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Monthwander

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Last night, when I took the dogs out at about 6:20 PM, I looked toward the crescent moon and immediately saw the unmistakable trace of a rocket about to go by above it. Rockets are fast, so rather than run in and try and find my Canon G16 and risk missing it, I pulled out my phone and did my best. It turned out reasonably well, with even a sort of Halloween-y color cast in deep dusk.

It was a SpaceX launch of still more Starlink satellites, from Vandenberg AFB. Before I could get my phone out to take a shot, we saw the first stage drifting down toward a landing on an unmanned landing barge that Elon Musk has whimsically named Of Course I Still Love You.

Although the shot I took wasn’t bad, there is a site detailing the Vandenberg launch schedule, and next time I’m going to be out there with a tripod and my G16.

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Elon Musk, yeah. He apparently closed the deal to buy Twitter earlier today, and has already fired top management. One of the first corporate directives he’s going to issue is to un-ban all banned users. He’s also going to throttle way back on content moderation, which for Twitter has generally meant censoring anything Twitter’s management doesn’t like.

That may still take some doing. Ironically, if he succeeds in cleaning house along the lines he’s stated, it could mean that several much smaller social networks catering to those who have been banned or censored by Twitter could lose members to a new “big tent” Twitter. We’ll see how that plays out. Musk knows how to get things done, and if anybody can create a social media network that is open to all sides of the political spectrum, it would be him.

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All this cooks down to some pretty fundamental questions. What are social networks good for? Twitter seems to be a bottomless well of political derangement, which (as you might imagine) I dodge as best I can. I’m active on Twitter because every time I mention my books there, I sell a few. Whatever else I post there are pretty much what I post here now and then as “odd lots,” i.e., links to interesting things, few or none of them having anything to do with politics.

I’ve stated before that Twitter is an “outrage amplifier,” and it’s still true–but then again, any social network can be an outrage amplifier. Twitter seems particularly good at it, which has always puzzled me. Not long back I began to wonder: Is Twitter what it is because so many journalists are on it? Journalism itself (at least outside of vertical market reporting) seems to draw its energy from outrage. If Musk makes the journalist community run screaming from a network it can no longer dominate, what will Twitter become?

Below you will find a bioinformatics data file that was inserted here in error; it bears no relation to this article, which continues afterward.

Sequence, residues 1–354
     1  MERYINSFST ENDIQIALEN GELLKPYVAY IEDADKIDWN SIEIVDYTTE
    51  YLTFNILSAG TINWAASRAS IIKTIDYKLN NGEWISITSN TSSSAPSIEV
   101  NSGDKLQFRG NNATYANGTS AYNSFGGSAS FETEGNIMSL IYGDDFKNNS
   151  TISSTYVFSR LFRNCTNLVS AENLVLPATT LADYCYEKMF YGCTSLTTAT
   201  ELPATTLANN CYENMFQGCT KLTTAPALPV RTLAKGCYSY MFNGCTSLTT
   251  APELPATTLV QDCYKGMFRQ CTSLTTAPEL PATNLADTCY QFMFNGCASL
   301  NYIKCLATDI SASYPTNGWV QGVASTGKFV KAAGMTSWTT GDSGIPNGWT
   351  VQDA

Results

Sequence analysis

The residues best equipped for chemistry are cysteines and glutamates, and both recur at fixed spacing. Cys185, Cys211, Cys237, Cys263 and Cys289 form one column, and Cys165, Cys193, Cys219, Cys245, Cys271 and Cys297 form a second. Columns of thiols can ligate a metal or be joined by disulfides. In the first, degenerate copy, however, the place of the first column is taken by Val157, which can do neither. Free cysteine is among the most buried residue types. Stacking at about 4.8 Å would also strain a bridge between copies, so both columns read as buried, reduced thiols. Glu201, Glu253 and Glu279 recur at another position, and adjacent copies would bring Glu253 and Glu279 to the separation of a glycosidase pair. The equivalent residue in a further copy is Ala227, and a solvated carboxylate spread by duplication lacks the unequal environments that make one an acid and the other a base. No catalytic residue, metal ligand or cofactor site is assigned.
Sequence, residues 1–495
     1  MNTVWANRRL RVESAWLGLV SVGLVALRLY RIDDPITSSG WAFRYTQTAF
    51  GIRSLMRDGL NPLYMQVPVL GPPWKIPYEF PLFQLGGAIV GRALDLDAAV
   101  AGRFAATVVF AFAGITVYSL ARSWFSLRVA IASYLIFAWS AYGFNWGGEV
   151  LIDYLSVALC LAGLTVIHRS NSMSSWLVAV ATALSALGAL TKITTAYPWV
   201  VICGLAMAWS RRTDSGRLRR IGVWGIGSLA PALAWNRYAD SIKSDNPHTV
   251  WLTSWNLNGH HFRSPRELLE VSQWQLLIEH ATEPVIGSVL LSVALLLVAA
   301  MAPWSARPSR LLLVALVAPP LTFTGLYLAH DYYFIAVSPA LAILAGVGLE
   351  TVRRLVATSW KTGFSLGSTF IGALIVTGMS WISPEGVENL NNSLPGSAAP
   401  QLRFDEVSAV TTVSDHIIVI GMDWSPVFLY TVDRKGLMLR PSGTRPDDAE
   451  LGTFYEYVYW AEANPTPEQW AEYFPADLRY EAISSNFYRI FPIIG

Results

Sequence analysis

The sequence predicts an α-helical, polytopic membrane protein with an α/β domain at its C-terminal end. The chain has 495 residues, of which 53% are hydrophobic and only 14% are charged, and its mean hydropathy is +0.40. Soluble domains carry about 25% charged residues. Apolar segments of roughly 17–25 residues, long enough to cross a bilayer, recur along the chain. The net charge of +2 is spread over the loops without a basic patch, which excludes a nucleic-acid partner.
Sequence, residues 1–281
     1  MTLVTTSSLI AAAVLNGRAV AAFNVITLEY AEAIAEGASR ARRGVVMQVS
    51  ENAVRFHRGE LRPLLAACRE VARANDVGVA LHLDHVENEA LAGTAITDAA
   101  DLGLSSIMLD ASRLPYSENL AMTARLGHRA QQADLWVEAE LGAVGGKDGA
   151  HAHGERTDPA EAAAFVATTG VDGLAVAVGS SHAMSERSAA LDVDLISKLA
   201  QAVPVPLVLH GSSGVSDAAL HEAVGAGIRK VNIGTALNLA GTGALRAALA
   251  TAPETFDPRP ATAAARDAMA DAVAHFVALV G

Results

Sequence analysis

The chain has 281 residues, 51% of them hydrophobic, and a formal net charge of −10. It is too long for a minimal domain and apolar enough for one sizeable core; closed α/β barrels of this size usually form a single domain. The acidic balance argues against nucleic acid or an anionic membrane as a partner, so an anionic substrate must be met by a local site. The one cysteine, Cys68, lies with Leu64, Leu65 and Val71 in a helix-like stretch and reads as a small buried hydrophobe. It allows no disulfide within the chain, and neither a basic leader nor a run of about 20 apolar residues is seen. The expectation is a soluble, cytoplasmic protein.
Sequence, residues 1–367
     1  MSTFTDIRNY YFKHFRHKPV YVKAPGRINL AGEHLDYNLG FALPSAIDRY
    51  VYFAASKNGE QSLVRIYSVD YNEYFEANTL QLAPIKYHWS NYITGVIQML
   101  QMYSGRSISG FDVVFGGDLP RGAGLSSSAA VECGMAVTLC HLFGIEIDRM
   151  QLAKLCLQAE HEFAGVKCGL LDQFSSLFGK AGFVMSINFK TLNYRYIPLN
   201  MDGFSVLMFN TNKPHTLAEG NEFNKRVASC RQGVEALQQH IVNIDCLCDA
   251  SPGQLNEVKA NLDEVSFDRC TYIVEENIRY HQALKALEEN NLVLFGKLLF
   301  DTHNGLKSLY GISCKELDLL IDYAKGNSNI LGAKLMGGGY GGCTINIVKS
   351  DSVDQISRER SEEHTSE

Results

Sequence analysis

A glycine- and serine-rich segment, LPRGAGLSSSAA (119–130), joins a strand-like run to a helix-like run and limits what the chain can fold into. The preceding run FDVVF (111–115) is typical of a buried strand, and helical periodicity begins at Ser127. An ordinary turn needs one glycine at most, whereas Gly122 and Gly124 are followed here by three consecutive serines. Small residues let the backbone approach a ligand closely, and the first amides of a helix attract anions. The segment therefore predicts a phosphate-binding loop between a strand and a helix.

Recent news about Meta’s financial crisis suggests that Twitter could in fact become the new Facebook–especially if the old Facebook becomes insolvent. Zuck seems to be pouring all his energy and free cash flow into a virtual world that nobody asked for and nobody wants. Abandoning his Metaverse would be the ultimate humiliation; one has to wonder if he would pull back before the company crashed for lack of cash.

I have an idea that I think I covered here some time back: a social network server into which many independent social networks could connect and trade information according to rules established by each participating network. If people wanted an echo chamber, they could build an echo chamber. If they wanted a wide-open discussion board, they could build that too.

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I haven’t posted much over the past month because I’ve been beating hard on the 4th edition of my assembly language book. It’s coming out reasonably well, though I really miss the much-maligned Insight debugger, which I featured in the 3rd edition back in 2009. Most Linux debuggers are designed for C and C++ and don’t have an assembly source code view like Insight had. The source for Insight is available online, and if any of you are capable of creating an installable package, I encourage you to do so. I understand that the damned thing is weird internally, containing as it does the whole damned Tcl/Tk interepreter for the sake of its widget set. Or failing that, if anybody can recommend a standalone (i.e., not SASM) Linux debugger with an assembly view, please let me know. I’ve looked at a lot of them, including Nemiver, edb, and DDD without much success. I’ve thought hard about trying to teach my readers command-line gdb, or even gdb TUI, but naked gdb is a quadruple handful. My book is for absolute beginners, and I’ve got page-count constraints that wouldn’t allow me to teach enough of it to be truly useful.

Insight would be my first choice, but I also described Kdbg in the 2009 edition, and although the source is available and I’ve tried to compile it for modern distros like KDE Plasma and Linux Mint Cinnamon, the make failed for reasons that I don’t understand. Nor do I understand why it was pulled from all the Linux repos to begin with. It was robust and relatively easy to use. Could it be built as an appimage? That would be way cool.

Beyond that I’m certainly open to suggestions.